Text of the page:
Friday, 12 September 2008

Cours de Dance

Oh look, I said to my husband on our recent holiday, you can do dancing lessons here.

And indeed you could.

We sat one evening (after the circus debacle) watching a group of French people being taught how to dance.

Now I was tempted, I sorely was, but... it's hard enough to follow instructions in English let alone in French. All I could understand was something about your left pieds back and your right pied forward and then the instructor would bark, "Recules, Recules," which I think means go back because that's what everyone did.

The children were very keen (apart from the ten year old who was the only one who ditched ballet early) as at every available opportunity they put on the karaoke machine and work out dance routines. But when I pointed out the French problem, they demurred and agreed that perhaps it wouldn't be quite so easy.

During the first week of our holiday the entertainment (barring the circus) seemed fairly tame, but as the second week progressed it seemed that an aspiring DJ was in our midst, as every night we were listening to a mixture or rap and heavy metal (rather a strange combination it has to be said), which got later and louder as the week progressed. The kids were all desperate to go, but being as the disco seemed to start around 10pm we kept saying no. (Mind you we felt like pretty strict parents, because as far as we could tell everyone else stayed out all night with their offspring however late it got. What it is to be an uptight Northern European).

We'll go on the last night, I promised, as we'd twigged that the previous week the last night party had been fairly wild.

Except they changed the programme for our last night. I do speak French to a reasonable level, but not well enough to cope with the subtleties of things changing at the last minute. (I disastrously took us on a castle tour which I will be blogging about at the other place due to a slight misunderstanding. The kids still haven't forgiven me.)

It turned out that for the last night there was going to be a spectacle, but not in the outside bar area, but in a hall inside. Given that the kids' French is minimal we decided this would be a waste of time and sat outside and had a drink instead.

The only problem with this was the weather. Somehow (I don't know how, but I swear there is a big black cloud that follows us wherever we sojourn in Europe), we had managed to bring rain to the south of France. So we sat at a table which was luckily under a canopy and gloomily looked out at the rain. Though the bar staff had promised dancing later, we somehow doubted it would come to pass without the outside speakers creating a huge electric shock for anyone who went anywhere near them. We were sitting quite close and they were sparking intermittently and unnervingly...

At 10pm people poured out of the hall, the spectacle being over, but most of them voted with their feet and went to bed. Which was odd as the other times we'd looked earlier in the week the whole world and his wife seemed to be out, complete with children whatever age they were.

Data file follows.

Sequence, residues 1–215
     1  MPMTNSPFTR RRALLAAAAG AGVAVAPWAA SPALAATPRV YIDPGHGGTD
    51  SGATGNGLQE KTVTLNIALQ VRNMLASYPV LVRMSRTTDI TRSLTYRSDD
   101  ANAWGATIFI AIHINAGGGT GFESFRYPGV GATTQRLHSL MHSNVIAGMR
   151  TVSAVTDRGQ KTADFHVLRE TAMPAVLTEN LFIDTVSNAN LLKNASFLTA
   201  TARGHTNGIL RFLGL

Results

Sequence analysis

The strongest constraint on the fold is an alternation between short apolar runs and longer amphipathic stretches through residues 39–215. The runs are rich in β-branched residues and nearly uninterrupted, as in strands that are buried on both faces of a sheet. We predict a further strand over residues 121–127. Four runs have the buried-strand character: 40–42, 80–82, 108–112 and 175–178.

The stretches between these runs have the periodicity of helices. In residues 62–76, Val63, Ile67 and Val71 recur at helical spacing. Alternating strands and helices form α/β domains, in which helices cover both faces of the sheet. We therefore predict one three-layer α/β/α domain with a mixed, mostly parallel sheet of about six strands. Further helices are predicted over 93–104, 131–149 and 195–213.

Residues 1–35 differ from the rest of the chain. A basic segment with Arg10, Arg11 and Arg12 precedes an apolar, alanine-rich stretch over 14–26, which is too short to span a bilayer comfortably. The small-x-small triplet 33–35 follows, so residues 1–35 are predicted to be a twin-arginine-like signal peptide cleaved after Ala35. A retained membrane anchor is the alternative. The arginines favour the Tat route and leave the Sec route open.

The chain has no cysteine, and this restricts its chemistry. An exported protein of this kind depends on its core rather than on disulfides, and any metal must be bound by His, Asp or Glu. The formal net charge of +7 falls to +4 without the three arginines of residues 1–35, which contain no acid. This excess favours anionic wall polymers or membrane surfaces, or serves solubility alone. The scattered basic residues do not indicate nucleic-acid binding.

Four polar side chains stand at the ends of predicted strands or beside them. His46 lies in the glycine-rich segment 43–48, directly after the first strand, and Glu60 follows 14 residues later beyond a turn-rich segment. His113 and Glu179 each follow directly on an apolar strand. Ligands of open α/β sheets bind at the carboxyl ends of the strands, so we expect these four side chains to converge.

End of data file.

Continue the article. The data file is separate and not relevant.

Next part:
We were going to call it a day until eventually Madonna's La Isla Bonita started blaring from the speakers. At which point all the people who'd attended the cours de dance earlier in the week immediately leapt up and showed us all how to recule, recule, recule.

The eight year old was a picture. She couldn't stop her feet tapping but was utterly intimidated by the grown ups on the dance floor so stood making up a little routine of her own next to us, before disappearing to the play area in the pouring rain with the French friends she'd made.

The twelve and ten year olds had eschewed the play area as too childish, and I could see the oldest (who has been to dancing lessons since she was four) was desperate to get on the dance floor, but also far too self conscious. Eventually a huge group of teenagers got up to dance and the pair of them snuck off into the far corner, where no one could see what they were up to.

By now the music having gone over to cuban rumba stuff, had reverted to 80s rock, which was pleasing us grown ups no end. And when Billy Idol's White Wedding came on, I couldn't resist anymore, and neither to my amazement could Spouse. I may have mentioned before that he is a good mover when he gets going, but it takes a lot to get him going. The combination of enough beer, being on holiday and the fact that we were never ever going to see any of these people did the trick, and he kicked off his sandals and we took to the floor.

And it was so much fun. We danced our way through a selection of nostalgia before the DJ took us back to the Kings of Swing and Frank Sinatra. By now it was chucking it down with rain, we were drenched through (but luckily it was warm so we didn't care), the two oldest children were utterly mortified as we were the only ones left on the dance floor and we had a blast.

The little ones however had really had it, we had a long drive ahead of us the next day, so all too soon it was nearly for bed.

But we couldn't go before the last dance, which very appropriately was Singing (and dancing) in the Rain.

And so we did both.

Which was actually rather magical...

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